This article is only available in the PDF format. Download the PDF to view the article, as well as its associated figures and tables.
To the Editor.—
Dr George Stretcher, in his article on erythropoietic porphyria, which appeared in the November Archives (113:1553-1557,1977), makes a reference to the lack of information about the long-term treatment with beta carotene.In 1973,I described a young woman, aged 18, with congenital porphyria at the Royal Society of Medicine (Proc R Soc Med 67:593-594,1974). The patient had usually suffered from intense blistering every summer and the typical sclerodermatous change of her face and hands had developed. In the summer of 1973, she had been given beta carotene, 25 mg three times a day, throughout the summer months and had been able to go out-of-doors in the sunshine without any skin blistering. Previously, she had never been able to expose her skin to sunshine without blistering and she would not venture out before dusk. Since then, she has taken beta carotene in the same dosage from April to October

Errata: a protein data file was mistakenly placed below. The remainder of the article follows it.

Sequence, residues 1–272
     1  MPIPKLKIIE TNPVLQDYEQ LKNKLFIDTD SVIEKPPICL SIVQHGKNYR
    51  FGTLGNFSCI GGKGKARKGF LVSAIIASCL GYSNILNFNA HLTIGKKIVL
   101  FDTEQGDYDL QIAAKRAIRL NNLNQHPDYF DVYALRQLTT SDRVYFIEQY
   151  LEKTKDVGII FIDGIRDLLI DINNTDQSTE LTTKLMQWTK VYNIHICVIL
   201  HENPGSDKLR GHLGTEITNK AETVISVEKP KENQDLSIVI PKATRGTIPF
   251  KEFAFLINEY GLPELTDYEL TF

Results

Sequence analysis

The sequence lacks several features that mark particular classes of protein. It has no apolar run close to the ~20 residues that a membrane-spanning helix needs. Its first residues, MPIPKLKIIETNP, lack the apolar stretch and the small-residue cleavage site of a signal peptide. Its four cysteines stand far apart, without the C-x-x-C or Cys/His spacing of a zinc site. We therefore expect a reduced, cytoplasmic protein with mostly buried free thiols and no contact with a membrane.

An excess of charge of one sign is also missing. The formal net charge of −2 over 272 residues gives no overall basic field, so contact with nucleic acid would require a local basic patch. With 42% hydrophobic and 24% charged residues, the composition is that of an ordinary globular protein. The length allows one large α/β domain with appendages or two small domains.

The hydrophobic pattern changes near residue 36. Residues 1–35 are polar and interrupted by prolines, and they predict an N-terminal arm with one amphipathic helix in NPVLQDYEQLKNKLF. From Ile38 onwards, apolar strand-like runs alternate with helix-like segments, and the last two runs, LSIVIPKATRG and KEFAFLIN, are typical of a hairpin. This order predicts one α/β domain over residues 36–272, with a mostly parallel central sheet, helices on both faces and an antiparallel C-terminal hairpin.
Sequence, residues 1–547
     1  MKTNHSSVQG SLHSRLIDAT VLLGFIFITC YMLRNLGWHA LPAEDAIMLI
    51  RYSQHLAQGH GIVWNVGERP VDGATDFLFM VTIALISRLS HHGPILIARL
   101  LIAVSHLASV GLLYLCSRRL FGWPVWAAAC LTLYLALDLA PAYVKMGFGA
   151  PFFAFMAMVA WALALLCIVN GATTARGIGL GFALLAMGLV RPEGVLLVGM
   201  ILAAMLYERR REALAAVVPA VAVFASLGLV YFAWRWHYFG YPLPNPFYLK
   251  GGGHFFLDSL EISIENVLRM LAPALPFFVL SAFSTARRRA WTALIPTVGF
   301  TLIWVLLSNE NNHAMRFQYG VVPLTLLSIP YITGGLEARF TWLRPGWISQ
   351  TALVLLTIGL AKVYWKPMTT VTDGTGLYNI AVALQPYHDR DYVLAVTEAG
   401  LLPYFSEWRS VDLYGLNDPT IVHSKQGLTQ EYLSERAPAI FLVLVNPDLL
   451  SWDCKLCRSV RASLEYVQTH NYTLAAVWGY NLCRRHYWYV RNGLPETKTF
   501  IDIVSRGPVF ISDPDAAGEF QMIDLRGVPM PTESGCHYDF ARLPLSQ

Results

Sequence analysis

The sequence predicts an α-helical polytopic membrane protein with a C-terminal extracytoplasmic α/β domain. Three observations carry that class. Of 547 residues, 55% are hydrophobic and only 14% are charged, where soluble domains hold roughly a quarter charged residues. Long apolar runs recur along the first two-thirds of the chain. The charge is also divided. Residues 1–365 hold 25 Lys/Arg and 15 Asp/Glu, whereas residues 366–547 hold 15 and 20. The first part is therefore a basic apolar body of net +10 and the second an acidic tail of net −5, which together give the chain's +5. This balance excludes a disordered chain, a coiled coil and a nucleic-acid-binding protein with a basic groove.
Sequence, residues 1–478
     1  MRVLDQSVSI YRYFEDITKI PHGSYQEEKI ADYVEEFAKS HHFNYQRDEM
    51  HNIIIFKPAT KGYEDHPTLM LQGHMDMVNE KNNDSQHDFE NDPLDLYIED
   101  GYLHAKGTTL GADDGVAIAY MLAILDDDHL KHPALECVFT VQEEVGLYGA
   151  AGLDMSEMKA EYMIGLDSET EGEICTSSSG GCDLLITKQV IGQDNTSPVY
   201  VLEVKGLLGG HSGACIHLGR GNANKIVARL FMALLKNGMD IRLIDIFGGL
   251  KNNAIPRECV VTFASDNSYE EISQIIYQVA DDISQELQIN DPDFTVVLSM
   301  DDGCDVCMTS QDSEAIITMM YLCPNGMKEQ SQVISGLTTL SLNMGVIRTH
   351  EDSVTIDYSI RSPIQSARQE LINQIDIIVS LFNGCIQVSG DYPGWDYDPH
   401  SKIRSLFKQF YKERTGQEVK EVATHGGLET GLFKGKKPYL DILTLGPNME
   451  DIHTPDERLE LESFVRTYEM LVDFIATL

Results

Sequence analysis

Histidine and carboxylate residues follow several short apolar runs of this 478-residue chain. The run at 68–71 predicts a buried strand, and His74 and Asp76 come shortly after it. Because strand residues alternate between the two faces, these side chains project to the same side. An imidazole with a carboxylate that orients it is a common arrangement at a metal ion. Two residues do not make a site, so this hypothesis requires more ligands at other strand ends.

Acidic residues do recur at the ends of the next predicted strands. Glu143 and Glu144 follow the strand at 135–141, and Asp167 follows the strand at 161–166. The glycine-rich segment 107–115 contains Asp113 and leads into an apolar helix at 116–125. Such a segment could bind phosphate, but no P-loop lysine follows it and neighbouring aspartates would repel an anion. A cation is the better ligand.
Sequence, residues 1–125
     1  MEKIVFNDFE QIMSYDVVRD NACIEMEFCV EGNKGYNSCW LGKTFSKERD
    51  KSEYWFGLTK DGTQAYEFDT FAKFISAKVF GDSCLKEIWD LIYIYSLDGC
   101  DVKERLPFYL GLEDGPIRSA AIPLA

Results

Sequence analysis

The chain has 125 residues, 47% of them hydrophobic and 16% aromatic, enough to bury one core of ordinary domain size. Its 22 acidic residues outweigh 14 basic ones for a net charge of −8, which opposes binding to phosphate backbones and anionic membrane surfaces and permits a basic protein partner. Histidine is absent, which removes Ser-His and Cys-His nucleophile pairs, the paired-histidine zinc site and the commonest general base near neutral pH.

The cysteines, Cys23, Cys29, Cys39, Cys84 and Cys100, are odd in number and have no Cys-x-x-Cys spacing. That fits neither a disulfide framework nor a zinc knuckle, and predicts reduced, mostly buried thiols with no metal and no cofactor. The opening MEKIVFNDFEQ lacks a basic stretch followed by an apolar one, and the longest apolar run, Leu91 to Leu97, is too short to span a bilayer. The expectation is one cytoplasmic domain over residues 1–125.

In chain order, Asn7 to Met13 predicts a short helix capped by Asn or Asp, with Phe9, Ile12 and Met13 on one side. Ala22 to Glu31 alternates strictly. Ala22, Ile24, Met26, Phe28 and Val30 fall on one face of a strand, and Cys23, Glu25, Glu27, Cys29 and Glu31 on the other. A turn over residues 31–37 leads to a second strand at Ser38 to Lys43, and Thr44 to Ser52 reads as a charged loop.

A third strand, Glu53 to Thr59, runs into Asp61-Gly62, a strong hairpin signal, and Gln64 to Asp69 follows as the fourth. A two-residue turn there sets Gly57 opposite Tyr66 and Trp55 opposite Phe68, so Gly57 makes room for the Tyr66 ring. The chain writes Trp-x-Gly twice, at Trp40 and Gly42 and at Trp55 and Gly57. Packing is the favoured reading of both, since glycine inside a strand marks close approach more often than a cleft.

Sneddon IB. Beta Carotene in Congenital Porphyria. Arch Dermatol. 1978;114(8):1242–1243. doi:10.1001/archderm.1978.01640200090034
Customize your JAMA Network experience by selecting one or more topics from the list below.
Create a personal account or sign in to: